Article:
In any event, due to the construction, you will have to cross over Flatbush Ave to the Floyd Bennett Field side where the bike path continues, and then cross back over again once you reach the Marine Parkway (Gil Hodges) Bridge.

The Route – Leg 2 – The Beaches

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The second leg of this ride with its beaches and bridges is the meat in the sandwich of this trip.  The MEAT!  Crossing the Gil Hodges bridge, you leave Brooklyn and the New York City skyline behind while the Rockaways and Queens comes into full view ahead.  This bridge’s somewhat narrow pedestrian path is on the western side and accommodates two-way traffic, so be mindful of people coming from the opposite direction.  Take a breather at the apex and check out the surrounding views.  Off to the left is Jamaica Bay, Broad Channel, and the Rockaways extending eastward.  To your right you can see Breezy Point, the Coney Island Astro Tower, the Verrazano Bridge and even Sandy Hook, NJ out in the distance.

Gil Hodges Bridge as seen from the Queens side.

Gil Hodges Bridge as seen from the Queens side.

Once you descend from the bridge, you’ll follow the path/sidewalk briefly to the right and cross over the moderately busy Rockaway Point Blvd and head down Beach 169th towards Jacob Riis Park.

Breezy Point and Fort Tilden

If you’re looking for a diversion or just want to call it quits for the day, this area is a destination in and of itself.  Following Rockaway Point Blvd to the right will lead you out towards the tip of Breezy Point, or you can find the entrance to the grounds of Fort Tilden on your way to the beach.  Built as a defense against German U-boats during WWI, Fort Tilden today is largely a natural area of dunes, beaches, and forest.  But the haunting, abandoned military installations are worth a look and some of the old buildings have been renovated as art galleries by the local Rockaway Artists Alliance.

Graffiti on an overgrown gun casemate.

Graffiti on an overgrown gun casemate.

Jacob Riis Park and onward

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Keeping the grounds of Fort Tilden on your right, Beach 169th is your gateway to Jacob Riis Park.  Before you wander in be sure to look for Maria’s milkshake truck, usually parked on the corner of Beach 169th/Rockaway Point Blvd.  It’s worth shelling out $5 for one of her 100 signature shakes.  Besides, you still have 30 miles to go until Jones Beach – so plenty of time to ride it off.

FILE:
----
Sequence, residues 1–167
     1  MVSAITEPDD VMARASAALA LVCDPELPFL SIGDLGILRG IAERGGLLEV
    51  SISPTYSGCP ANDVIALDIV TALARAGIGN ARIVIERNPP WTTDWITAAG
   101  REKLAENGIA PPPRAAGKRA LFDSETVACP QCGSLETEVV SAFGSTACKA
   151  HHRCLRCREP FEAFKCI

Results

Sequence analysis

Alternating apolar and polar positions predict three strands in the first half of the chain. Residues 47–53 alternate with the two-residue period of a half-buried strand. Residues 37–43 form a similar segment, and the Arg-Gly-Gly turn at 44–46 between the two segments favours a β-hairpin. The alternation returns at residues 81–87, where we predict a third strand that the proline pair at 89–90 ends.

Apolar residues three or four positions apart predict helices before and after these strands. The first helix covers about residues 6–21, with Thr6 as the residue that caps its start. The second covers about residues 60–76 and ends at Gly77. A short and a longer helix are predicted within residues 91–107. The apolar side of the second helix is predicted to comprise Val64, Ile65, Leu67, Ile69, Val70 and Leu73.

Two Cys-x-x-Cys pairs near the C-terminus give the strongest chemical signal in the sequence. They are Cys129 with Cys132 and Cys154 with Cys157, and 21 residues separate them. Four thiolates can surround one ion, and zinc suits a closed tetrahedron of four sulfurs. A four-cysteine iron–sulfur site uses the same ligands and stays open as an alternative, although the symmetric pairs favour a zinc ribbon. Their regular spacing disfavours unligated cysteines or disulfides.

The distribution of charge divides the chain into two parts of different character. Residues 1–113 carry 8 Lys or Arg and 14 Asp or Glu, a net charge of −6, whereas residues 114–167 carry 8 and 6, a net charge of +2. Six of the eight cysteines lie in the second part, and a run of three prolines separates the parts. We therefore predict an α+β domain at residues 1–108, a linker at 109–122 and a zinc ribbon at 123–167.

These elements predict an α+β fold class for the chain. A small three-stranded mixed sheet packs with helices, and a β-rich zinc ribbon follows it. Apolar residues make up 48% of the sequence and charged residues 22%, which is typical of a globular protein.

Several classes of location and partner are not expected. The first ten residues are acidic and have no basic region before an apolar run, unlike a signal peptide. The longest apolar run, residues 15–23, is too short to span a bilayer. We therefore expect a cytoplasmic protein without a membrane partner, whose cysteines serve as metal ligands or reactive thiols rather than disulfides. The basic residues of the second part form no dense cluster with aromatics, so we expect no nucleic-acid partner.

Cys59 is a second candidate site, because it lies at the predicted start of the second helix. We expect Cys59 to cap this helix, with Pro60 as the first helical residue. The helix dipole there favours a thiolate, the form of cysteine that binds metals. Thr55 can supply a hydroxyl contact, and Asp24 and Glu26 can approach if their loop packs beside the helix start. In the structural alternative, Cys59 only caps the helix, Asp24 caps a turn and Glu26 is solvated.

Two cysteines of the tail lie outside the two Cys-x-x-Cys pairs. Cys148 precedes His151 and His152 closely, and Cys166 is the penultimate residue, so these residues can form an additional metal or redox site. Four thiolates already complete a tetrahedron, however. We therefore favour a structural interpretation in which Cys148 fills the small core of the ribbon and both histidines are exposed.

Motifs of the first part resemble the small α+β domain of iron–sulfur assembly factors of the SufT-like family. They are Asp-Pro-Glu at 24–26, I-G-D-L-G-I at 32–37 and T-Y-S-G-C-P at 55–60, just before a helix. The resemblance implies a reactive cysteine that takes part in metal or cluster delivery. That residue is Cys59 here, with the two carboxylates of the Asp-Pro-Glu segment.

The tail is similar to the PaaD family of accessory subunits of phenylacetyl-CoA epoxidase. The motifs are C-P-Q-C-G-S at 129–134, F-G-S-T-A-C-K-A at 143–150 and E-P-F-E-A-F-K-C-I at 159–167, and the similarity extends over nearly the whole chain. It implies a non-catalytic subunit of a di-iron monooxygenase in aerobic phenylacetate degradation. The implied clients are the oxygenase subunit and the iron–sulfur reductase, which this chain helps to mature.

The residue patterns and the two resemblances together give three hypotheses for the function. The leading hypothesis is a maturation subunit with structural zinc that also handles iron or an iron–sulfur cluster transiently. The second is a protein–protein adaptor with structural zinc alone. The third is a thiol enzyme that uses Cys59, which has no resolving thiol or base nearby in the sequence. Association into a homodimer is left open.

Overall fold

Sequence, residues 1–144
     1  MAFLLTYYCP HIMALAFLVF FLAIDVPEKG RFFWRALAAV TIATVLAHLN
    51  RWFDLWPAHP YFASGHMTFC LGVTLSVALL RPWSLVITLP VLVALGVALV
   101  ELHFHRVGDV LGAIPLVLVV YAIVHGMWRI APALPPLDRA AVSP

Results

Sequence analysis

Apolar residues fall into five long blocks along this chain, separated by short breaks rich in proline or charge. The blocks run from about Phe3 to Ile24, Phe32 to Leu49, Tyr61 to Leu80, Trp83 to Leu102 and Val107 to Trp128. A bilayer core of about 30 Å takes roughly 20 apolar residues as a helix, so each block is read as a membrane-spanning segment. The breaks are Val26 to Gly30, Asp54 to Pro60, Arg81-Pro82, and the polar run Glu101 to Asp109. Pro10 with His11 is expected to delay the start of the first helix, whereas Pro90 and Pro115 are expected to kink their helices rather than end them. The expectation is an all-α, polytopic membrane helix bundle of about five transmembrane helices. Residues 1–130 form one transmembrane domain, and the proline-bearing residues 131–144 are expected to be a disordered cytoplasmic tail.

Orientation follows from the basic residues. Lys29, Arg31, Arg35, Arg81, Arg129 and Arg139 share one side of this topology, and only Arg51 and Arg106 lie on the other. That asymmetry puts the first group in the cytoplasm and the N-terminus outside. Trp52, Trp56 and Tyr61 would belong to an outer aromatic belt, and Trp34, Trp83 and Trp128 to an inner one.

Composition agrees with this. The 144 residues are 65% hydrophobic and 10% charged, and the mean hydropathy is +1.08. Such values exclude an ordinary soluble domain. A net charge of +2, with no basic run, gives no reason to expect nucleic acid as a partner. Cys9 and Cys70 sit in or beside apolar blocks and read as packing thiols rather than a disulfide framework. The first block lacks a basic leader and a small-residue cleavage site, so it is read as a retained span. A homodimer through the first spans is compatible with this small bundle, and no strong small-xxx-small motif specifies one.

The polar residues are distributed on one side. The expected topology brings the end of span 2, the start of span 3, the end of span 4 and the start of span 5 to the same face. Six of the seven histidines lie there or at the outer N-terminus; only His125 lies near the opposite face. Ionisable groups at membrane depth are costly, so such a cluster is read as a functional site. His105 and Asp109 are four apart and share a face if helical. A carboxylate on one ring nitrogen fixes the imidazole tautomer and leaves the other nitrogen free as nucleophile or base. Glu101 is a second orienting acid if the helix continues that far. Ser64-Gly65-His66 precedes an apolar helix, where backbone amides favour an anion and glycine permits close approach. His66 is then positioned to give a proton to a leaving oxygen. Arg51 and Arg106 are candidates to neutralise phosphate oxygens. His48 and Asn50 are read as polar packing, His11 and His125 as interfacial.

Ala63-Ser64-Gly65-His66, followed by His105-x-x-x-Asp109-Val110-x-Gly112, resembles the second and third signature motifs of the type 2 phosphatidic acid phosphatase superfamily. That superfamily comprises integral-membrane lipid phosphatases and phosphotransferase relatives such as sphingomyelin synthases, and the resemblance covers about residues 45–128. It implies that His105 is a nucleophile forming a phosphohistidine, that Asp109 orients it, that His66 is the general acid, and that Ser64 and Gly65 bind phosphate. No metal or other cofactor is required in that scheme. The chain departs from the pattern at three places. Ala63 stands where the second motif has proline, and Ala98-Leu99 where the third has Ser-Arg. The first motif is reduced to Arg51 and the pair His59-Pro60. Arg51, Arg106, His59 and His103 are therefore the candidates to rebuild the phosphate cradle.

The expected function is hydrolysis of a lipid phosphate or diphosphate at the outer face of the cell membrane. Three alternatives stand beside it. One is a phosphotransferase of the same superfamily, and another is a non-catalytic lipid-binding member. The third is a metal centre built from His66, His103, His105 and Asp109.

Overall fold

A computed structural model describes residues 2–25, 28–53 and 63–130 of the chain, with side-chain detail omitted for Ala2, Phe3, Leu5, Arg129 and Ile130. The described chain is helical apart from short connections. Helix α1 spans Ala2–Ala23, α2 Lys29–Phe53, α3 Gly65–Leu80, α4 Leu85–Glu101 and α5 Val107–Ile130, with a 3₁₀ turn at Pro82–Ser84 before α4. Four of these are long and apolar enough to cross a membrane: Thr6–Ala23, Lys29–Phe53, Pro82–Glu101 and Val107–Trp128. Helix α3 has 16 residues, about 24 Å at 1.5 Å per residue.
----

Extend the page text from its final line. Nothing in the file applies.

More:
Named after the late 19th-century journalist and champion of the poor, Jacob Riis Park was designed by Robert Moses (also designed Jones Beach State Park) who supposedly envisioned the beach as a recreational area for poor immigrants who lived closer to the city than Jones.  Today you can find Rockaway locals and hipster transplants sharing the spoils, a good 1/2 mile stretch of sand and ocean that is also home to the Rockaway Beach Volleyball League.

The day I rolled through, business seemed to be returning to some level of normalcy with a trio of food trucks slinging dumplings, tacos, and pulled-pork sliders to eager picnickers and beach-goers.

This is also a good spot to cool off for a minute and load up on water before continuing.

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The Rockaways

Eventually, the boardwalk/promenade along Jacob Riis beach will terminate and you’ll have to get on bike-friendly Rockaway Beach Blvd in order to continue east.  You’ll begin at 149th St. and take it to 108th where you’ll hang a right onto Shore Front Parkway (also bike-friendly).

Before Hurricane Sandy you used to be able to connect with the boardwalk at 126th St. and ride it all the way to the Atlantic Beach Bridge at the end of Far Rockaway.  But sadly the storm decimated the boardwalk and, with the exception of a few stretches of beach, has been reduced to nothing but endless naked rows of concrete support beams.

Remnants of the Rockaway boardwalk.

Remnants of the Rockaway boardwalk.

As you make your way east, you’ll cross 116th St – one of the main drags in Rockaway.  In addition to being a vibrant strip of shops, bars, and restaurants this street is also bookended by two morbid historical reminders.  At the bay end is a memorial dedicated to the victims of the September 11th attacks and at the ocean end you will find a memorial honoring the passengers of Flight 587, a Santo Domingo-bound airliner that crashed in the Rockaway community of Belle Harbor on November 12, 2001.